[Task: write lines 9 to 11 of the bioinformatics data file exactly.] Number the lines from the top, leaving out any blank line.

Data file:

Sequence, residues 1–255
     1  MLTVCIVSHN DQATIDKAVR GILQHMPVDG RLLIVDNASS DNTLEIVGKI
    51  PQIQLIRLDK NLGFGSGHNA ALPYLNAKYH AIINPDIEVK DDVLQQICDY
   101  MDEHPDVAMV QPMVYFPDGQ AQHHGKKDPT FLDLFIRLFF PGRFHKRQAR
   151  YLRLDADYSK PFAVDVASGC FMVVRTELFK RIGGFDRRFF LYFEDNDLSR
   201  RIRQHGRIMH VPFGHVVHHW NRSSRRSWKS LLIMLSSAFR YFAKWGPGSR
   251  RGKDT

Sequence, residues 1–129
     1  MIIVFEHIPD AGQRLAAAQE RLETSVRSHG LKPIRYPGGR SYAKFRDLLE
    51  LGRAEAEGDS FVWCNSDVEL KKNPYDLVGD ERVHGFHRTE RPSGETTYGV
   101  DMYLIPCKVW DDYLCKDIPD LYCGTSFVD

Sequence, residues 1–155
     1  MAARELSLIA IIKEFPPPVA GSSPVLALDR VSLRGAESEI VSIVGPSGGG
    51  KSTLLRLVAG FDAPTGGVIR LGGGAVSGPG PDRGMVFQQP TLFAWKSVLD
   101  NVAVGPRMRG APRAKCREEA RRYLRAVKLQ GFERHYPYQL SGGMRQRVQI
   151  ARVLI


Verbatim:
     1  MIIVFEHIPD AGQRLAAAQE RLETSVRSHG LKPIRYPGGR SYAKFRDLLE
    51  LGRAEAEGDS FVWCNSDVEL KKNPYDLVGD ERVHGFHRTE RPSGETTYGV
   101  DMYLIPCKVW DDYLCKDIPD LYCGTSFVD